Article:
- 4th (King Khaled) Armoured Brigade
- 6th (King Fah'd) Armoured Brigade
- 7th (Prince Sultan)Armoured Brigade
- 8th (King Fah'd)Armoured Brigade
- 10th (King Faisal)Armoured Brigade
A typical Saudi armoured brigade has an armoured reconnaissance company, three tank battalions with 42 tanks each, a mechanized infantry battalion with 54 AIFVs/APCs, and an artillery battalion with 18 self-propelled guns. It also has an army aviation company, an engineer company, a logistic battalion, a field workshop, and a medical company.
- 11th Mechanized Brigade
- 12th Mechanized Brigade
- 13th Mechanized Brigade
- 14th Mechanized Brigade
- 20th Mechanized Brigade
A typical Saudi mechanized brigade has an armoured reconnaissance company, one tank battalion with 42 tanks, three mechanized infantry battalions with 54 AIFVs/APCs each, and an artillery battalion with 18 self-propelled guns. It also has an army aviation company, an engineer company, a logistic battalion, a field workshop, and a medical company. It has 24 anti-tank guided weapons launchers and four mortar sections with a total of eight 81 mm (3 in) mortars.
- 16th (king saud)Light motorized infantry brigade
- 17th ( Abu Bakr Assiddeeq)Light motorized infantry brigade
- 18th (King Abdullah)Light motorized infantry brigade
- 19th (ʿUmar ibn Al-Khattāb)Light motorized infantry brigade
Each infantry brigade consists of three motorized battalions, an artillery battalion, and a support battalion. Army brigades should not be confused with Saudi Arabian National Guard brigades.
- The 1st Airborne Brigade
- 4th Airborne Battalion
- 5th Airborne Battalion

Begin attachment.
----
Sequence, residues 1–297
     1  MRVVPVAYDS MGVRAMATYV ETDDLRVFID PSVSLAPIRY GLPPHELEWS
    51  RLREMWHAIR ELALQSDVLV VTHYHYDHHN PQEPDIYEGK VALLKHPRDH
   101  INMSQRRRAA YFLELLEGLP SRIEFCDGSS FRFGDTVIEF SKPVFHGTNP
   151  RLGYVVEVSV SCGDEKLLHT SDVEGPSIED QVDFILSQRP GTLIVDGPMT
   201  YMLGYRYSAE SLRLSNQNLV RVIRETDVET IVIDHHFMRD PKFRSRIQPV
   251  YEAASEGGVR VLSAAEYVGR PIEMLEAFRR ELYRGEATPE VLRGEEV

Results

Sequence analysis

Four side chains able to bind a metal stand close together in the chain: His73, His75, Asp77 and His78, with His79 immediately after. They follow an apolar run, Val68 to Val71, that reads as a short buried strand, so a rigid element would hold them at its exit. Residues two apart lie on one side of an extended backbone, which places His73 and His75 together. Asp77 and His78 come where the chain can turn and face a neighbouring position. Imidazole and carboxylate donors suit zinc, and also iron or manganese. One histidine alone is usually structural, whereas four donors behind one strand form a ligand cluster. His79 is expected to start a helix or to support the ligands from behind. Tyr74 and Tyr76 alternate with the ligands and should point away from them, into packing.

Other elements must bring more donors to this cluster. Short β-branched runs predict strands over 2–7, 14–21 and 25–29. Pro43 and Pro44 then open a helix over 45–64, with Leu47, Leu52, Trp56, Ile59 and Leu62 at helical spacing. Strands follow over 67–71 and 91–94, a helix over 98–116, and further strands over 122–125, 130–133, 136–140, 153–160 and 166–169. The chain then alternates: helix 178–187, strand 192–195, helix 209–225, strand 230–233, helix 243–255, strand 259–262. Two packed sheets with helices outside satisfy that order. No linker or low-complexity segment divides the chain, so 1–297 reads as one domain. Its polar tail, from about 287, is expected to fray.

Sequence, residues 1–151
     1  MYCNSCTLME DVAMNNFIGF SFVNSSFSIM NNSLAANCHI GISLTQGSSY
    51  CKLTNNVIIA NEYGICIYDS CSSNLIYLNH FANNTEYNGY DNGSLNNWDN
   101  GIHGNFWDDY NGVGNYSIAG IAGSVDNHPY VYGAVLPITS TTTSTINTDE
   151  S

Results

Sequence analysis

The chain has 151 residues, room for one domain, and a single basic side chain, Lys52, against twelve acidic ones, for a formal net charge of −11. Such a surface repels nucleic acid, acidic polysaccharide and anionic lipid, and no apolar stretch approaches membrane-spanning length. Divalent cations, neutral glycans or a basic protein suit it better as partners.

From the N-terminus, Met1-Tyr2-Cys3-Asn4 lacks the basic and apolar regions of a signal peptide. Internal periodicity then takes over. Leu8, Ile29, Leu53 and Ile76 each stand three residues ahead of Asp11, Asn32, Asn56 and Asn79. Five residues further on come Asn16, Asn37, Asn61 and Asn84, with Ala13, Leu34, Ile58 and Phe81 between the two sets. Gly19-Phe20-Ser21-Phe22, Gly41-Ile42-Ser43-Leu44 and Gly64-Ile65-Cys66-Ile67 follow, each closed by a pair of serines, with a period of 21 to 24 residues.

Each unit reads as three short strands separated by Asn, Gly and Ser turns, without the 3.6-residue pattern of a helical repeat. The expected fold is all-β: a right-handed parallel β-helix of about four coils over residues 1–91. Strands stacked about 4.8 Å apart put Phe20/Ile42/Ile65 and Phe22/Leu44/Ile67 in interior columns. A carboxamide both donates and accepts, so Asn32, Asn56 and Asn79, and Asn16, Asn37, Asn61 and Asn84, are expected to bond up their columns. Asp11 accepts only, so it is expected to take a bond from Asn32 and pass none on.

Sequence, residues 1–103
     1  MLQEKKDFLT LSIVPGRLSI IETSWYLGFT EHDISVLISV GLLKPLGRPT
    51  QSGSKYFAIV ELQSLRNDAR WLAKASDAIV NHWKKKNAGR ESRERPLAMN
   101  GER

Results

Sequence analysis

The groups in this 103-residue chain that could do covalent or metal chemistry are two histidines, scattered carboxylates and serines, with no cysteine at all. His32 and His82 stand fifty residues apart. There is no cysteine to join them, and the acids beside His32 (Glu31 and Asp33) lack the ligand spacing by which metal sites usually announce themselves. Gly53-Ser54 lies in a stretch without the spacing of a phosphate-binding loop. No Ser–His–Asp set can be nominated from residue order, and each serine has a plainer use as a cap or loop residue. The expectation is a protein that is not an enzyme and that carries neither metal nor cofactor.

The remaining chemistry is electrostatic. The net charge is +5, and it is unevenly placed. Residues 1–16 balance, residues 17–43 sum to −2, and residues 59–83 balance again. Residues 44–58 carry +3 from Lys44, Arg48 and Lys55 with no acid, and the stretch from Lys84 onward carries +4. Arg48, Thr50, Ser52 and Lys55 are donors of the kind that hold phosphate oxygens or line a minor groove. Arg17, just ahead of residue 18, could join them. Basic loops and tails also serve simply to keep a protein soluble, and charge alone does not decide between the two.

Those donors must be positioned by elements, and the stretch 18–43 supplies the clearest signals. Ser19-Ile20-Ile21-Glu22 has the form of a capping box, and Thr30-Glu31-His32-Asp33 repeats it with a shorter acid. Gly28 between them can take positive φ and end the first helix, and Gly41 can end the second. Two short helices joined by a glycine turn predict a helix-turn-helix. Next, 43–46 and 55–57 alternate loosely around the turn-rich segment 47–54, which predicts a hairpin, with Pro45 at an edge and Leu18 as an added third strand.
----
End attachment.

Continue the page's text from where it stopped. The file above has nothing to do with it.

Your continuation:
The Airborne Brigade is normally deployed near Tabuk. The Airborne Brigade has two parachute battalions and three Special Forces companies. Saudi Arabia is expanding its Special Forces and improving their equipment and training to help deal with the threat of terrorism. The Special Forces have been turned into independent fighting units to help deal with terrorists, and report directly to Prince Sultan.
- five artillery battalions
The separate Royal Guard Regiment consists of four light infantry battalions.
|Lieutenant||First Lieutenant||Captain||Major||Lieutenant Colonel||Colonel||Brigadier General||Major General||Lieutenant General||General|
|Private||Private First Class||Corporal||Vice Sergeant||Sergeant||Sergeant First Class||Master Sergeant|
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Grenade, rocket, anti-tank, and missile systems
|M203||Single shot grenade launcher||United States|
|FGM-148 Javelin||Anti-tank guided missile||United States|
|Swingfire||Anti-tank guided missile||United Kingdom|
|Vickers Vigilant||Anti-tank missile||500||United Kingdom|
|M47 Dragon||Anti-tank missile||4,692||United States|
|AGM-114 Hellfire||Anti-tank guided missile||2,954||United States|
|HOT||Anti-tank guided missile||3,500|| France
|HOT 2||Anti-tank guided missile||249|| France
|Bill 2||SACLOS Anti-tank missile||200||Sweden|
|SS.11||Anti-tank guided missile||2,000||France|
|BGM-71 TOW||Anti-tank guided missile||10,738||United States|
|BGM-71C ITOW||Anti-tank guided missile||2,538||United States|
|BGM-71D TOW-2||Anti-tank guided missile||6,210||United States|
|BGM-71E TOW-2A||Anti-tank guided missile||5,131||United States|
|M224 Mortar||Mortar||N/A||N/A||United States|
|Brandt 60mm LR Gun-mortar||Mortar||N/A||N/A||France|
|M30 107 mm Mortar||Mortar||N/A||United States|
|M1 Abrams||United States||M1A2S||442||Saudi Arabia bought 373 M1A2 tanks, with further 69 more M1A2S tanks ordered on 8 January 2013 and delivered by 31 July 2014. Later Saudi Arabia decided to upgrade all of M1A2 variants to M1A2S configuration.|
|M60 Patton||United States||M60A3||450||485 were acquired, currently in reserve. Some were destroyed by Houtis in Yemen.|
|AMX-30||France||145||250 were bought between 1973–1974. Now it serves as a reserve tank of frontier guards. Saudi Arabia has been retiring AMX-30 from the stock by selling it to numerous other countries. Many of the AMX-30's were put in store immediately upon arrival in Saudi Arabia and have seen almost no use.|